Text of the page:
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Author Guidelines

Author Guidelines

  1. Articles submitted to the Journal should normally be between 4,5000 to 7,000 words or between 8-20 pages with single space and should be accompanied by an abstract of not more than 300 words, containing the importance of the topic, the gap between theory and practice or between reality and expectation, or lacks of studies, objectives of the present study, method, findings, and conclusion.
  2. On the abstract, explicitly write in bold: the objective of the papers, method, findings, and conclusion. 
  3. Below the abstract, about three to five keywords should appear together with the main body of the article with the font size 11.
  4. The Journal operates a peer review process and promotes blind reviewing. To facilitate this process, author’s names (without academic titles), institutional affiliations, and the email address of the corresponding author should appear only on a detachable cover sheet.
  5. Contributor(s) should include a short CV describing his/her/their current position and activities in not more than 80 words.
  6. Articles should be written in English in 1.5 lines space, using Microsoft Word, font size 12, Garamond,top and left margin 3 cm, bottom and right margin 2.54 cm, printed in Letters.
  7. Insert a header on even page indicating name of the Journal, Volume, Number, month, and year, and page number of the publication. On odd page, insert the author(s) and a few words of the title of the articles.
  8. The title should be less than 15 words, capitalized, centered, with Garamond font zize 14.
  9. The introduction should consist of the background of the study, research contexts, and research objective. All introduction should be presented in the forms of paragraphs, not pointers, with the proportion of 15-20% of the whole article length.
  10. The method section consists of  description concerning the  research design, data sources, data collection, and data analysis with the proportion of  10-15% of the total article length, all presented in the form of paragraphs.
  11. The findings and discussion section consist of description of the results of the data analysis to answer the research question(s) and their meanings seen from current theories and references of the area addressed. The proportion of  this section is 40-60% of the total article length.
  12. The conclusion section consists of the summary, restatement of  the main findings.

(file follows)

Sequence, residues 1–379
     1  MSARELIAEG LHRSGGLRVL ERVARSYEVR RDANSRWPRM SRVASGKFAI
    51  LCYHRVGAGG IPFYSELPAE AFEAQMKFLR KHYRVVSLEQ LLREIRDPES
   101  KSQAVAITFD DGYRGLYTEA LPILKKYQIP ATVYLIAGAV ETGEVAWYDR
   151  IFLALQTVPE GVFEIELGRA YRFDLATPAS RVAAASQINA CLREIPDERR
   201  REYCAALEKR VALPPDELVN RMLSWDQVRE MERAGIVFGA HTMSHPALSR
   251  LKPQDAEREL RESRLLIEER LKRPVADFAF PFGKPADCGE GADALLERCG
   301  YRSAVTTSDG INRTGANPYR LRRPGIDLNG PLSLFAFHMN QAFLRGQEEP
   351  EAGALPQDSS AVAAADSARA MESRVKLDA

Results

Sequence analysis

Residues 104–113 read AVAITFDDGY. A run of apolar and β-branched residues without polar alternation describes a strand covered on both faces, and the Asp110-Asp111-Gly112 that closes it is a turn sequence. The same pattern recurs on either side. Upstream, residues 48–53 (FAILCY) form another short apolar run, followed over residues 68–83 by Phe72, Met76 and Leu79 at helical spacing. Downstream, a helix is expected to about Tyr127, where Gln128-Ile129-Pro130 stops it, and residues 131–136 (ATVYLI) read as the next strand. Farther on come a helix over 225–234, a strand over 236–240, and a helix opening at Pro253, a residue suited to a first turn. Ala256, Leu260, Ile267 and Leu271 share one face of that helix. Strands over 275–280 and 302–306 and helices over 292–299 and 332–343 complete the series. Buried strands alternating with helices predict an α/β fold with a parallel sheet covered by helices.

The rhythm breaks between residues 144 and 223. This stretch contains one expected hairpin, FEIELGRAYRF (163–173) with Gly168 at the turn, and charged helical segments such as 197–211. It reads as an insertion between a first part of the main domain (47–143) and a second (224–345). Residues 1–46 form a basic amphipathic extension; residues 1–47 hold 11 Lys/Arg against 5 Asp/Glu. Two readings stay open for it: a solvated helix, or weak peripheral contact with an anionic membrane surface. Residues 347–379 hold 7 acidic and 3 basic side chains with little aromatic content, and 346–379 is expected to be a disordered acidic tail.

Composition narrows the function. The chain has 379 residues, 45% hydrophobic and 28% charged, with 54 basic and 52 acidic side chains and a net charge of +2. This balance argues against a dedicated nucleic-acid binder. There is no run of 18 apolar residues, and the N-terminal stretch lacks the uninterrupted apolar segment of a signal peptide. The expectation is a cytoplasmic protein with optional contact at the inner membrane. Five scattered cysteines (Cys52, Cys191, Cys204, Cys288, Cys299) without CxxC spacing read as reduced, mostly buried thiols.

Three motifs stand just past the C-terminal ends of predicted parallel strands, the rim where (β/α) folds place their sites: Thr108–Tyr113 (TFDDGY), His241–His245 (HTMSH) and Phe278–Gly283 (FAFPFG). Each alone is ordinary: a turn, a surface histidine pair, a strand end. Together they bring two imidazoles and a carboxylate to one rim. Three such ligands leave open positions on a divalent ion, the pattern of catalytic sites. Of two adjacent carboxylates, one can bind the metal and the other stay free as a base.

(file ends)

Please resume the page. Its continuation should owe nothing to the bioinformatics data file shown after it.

13. Use only horizontal lines when using tables. Put table number and the title of the table on top of it.
  14. Every source cited in the body of the article should appear in the reference, and all sources appearing in the reference should be cited in the body of the article.
  15. The sources cited should at least 80% come from those published in the last 10 years. The sources cited are primary sources in the forms of journal articles, books, and research reports, including theses and dissertations. Citations from journal should be at least 80% of the total references cited.
  16. Citation is done using bracket (last name and year of publication). When the sources are cited verbatim, page number is included (p. 78 or pp. 78-89).
  17. Proofs will be sent to the author for correction, and should be returned to eternal@uin-alauddin.ac.id, by the deadline given.
  18. The author can follow the Eternal Template
  19. Quotation and references follows APA style and the latter should be included at the end of the article in the following examples:
  • Angeli, E., Wagner, J., Lawrick, E., Moore, K., Anderson, M., Soderland, L., & Brizee, A. (2010, May 5). General format. Retrieved February 9, 2013, from  http://owl.english.purdue.edu/owl/resource/560/01/.
  • Ball, S., Kenny, A., & Gardiner, D. (1990). Literacy, politics and the teaching of      English. In I. Goodson, & P. Medway, (Eds.), Bringing English to order (pp. 47-  86). London: The Falmer Press.
  • Nurpahmi, S. (2013). An Introduction to English for Specific Purposes. Makassar: Alauddin University Press.
  • Nurpahmi, S. (2014). English for Specific Purposes: An Integrated Approach. Makassar: Alauddin University Press.
  • Nurpahmi, S. (2017). ESP Course Design: An Integrated Approach. Lentera Pendidikan: Jurnal Ilmu Tarbiyah Dan Keguruan, 19(2), 172–181.
  • Nurpahmi, Sitti and Rahman, Muhammad Asfah and Salija, (2018). Bilingual-based Instruction in Teaching English for Academic Purposes at Islamic University. Journal of Language Teaching and Research. Volume 9(3), 620-628. DOI: http://dx.doi.org/10.17507/jltr.0903.23